Mercedes-Benz USA has already sold more copies of the all-conquering S-Class in 2014 than in the full calendar years of 2009, 2010, 2011, 2012, and 2013. By the end of October, Mercedes-Benz USA’s S-Class sales total will be in excess of 2008’s total, as well.
Not since 2007 have S-Class sales been this strong. Mercedes-Benz sold 30,886 S-Class sedans in the United States in 2006 and 26,081 in 2007 after averaging little more than 20,000 annual U.S. sales between 2002 and 2005.
The impact of Mercedes-Benz’s W222 S-Class has been keenly felt in America’s luxury car sector. The S-Class’s most direct rivals have been shunned in favour of the venerable Benz over the last seven months. And yet there’s no denying that big luxury SUVs have cast a shadow over these flagship luxury cars, nor is there any point rejecting the idea that Tesla’s Model S is stealing market share.
Bloomberg is reporting that Audi will reveal the next A8 sedan at the upcoming Frankfurt auto show in September and that Ingolstadt’s flagship will more get upgrades so it can more effectively compete with the next generation S Class from Mercedes-Benz, which is currently being launched.
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- Arthur Dailey If I were a UAW leader I would focus more on political policy, such as requirements for North American content. Work harder at organizing non D3 auto plants. Try to win public support and increase union density/membership. But political unionism is not popular in the USA. Instead the focus is often on short term monetary gains.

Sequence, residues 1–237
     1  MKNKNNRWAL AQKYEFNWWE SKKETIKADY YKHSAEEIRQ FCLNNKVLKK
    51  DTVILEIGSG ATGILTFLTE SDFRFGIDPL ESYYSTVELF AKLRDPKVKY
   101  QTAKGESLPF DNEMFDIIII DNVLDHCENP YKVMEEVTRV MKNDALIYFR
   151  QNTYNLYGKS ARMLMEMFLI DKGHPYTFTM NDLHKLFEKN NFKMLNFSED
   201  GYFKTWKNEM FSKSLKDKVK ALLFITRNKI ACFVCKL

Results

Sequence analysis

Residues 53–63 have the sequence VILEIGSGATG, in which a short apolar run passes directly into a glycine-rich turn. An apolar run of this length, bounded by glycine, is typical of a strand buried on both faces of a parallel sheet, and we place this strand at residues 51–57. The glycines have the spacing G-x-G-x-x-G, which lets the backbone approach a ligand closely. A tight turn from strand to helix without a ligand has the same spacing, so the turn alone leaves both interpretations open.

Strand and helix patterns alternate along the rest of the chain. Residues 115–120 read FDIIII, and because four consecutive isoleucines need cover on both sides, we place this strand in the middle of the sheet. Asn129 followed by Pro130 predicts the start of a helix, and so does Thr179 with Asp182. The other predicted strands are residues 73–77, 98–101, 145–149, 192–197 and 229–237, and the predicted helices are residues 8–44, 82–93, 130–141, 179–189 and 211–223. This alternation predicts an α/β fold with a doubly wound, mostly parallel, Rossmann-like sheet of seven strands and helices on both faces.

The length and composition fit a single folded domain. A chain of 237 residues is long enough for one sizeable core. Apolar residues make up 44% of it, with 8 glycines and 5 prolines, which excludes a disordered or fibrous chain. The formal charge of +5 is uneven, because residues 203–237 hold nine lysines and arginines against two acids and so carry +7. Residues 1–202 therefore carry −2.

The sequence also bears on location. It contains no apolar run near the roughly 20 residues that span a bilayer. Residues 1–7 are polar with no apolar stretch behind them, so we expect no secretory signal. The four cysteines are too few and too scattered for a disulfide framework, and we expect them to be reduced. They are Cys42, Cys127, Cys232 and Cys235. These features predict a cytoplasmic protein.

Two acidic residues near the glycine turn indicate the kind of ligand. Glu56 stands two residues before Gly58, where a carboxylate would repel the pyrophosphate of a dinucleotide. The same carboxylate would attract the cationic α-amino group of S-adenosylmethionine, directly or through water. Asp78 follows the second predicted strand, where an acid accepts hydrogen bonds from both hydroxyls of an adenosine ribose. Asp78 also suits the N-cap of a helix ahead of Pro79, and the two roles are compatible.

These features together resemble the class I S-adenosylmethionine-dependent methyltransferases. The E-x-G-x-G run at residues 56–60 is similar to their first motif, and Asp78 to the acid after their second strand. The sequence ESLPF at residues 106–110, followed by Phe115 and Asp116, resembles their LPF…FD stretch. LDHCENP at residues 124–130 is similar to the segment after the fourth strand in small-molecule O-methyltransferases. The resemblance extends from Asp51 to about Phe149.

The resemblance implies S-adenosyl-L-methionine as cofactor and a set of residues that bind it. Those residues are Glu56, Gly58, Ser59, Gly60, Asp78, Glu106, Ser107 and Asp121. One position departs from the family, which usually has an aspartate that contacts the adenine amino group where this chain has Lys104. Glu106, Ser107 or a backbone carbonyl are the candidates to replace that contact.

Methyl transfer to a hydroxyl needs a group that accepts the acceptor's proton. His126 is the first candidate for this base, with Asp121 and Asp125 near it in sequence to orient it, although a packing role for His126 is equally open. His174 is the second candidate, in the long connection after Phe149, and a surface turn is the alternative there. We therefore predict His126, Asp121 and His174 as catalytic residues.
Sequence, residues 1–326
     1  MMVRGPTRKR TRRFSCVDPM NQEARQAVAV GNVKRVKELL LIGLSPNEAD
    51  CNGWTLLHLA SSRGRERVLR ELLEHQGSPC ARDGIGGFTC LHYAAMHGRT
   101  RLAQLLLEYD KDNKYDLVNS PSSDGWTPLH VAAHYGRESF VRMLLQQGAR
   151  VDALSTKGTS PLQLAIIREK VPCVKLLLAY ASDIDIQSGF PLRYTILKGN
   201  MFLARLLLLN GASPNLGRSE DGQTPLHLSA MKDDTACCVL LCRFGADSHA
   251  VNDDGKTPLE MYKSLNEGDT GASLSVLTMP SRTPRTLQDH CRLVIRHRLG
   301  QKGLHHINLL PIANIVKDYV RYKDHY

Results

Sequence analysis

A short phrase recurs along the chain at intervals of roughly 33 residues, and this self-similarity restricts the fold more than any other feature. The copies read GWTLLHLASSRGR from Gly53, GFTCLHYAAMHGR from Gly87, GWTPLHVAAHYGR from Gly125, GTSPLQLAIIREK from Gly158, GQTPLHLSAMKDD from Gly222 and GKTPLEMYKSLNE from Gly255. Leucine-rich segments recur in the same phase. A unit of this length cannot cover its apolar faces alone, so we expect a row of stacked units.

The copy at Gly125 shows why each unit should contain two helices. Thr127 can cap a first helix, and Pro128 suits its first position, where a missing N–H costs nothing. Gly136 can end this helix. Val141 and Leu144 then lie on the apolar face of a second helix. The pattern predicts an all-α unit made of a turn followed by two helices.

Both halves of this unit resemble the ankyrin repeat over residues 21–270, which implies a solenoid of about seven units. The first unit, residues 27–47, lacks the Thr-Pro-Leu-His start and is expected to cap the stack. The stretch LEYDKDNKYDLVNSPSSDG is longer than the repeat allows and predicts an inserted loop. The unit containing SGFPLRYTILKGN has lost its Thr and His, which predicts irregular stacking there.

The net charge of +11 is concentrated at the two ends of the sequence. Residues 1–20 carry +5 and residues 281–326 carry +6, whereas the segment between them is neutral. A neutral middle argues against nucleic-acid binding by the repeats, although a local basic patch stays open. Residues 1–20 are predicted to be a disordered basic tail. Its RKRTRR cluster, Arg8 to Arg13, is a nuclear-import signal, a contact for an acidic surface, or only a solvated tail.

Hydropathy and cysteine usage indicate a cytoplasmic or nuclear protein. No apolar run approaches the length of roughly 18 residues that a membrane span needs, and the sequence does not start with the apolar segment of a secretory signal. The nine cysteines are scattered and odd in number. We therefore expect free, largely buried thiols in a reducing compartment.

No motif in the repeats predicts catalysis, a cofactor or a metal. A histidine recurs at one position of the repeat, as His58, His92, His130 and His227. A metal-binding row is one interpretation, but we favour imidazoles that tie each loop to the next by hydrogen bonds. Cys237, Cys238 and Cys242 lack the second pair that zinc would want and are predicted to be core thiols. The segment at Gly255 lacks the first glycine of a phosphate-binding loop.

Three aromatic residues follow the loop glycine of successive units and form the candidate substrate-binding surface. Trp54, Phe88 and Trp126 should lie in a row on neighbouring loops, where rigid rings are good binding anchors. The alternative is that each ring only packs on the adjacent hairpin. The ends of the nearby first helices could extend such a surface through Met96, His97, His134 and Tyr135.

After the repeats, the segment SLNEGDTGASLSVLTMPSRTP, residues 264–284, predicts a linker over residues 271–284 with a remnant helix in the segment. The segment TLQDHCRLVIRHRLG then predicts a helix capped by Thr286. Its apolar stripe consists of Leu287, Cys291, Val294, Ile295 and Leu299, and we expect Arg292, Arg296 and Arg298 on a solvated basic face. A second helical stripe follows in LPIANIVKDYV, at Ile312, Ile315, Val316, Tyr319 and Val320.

- Peter 20% raise to make up for the post-Covid inflation. 3% a year for the length of this contract estimated future inflation.Nothing for retired workers (It’s not the Automakers fault that the Union has stolen your money. Go talk to the 2 guys sitting in Jail)
- ToolGuy Tier 2 for everyone would be fair. And would show solidarity (if that is your thing).
- ToolGuy Here is a summary of the used EV tax credit (if you are poor and unsuccessful like me).
- Jeff Isn't the fact that the CEOs are overpaid and the pay disparity one of the main issues in this strike? Not much the UAW can do about CEO and top executive pay but it does appear that they do have some valid grievances. As to how much of what they are asking for they will get is anyone's guess but both the UAW and the auto companies will eventually come to an agreement. I don't hate either the auto companies or the UAW members but I full understand why the UAW is striking. I doubt the union will get the exact pay increase they are asking for and the UAW has already rejected a 20% pay increase so it is a reasonable hypothesis to believe a 28% or 30% pay increase could be the agreed upon compromise.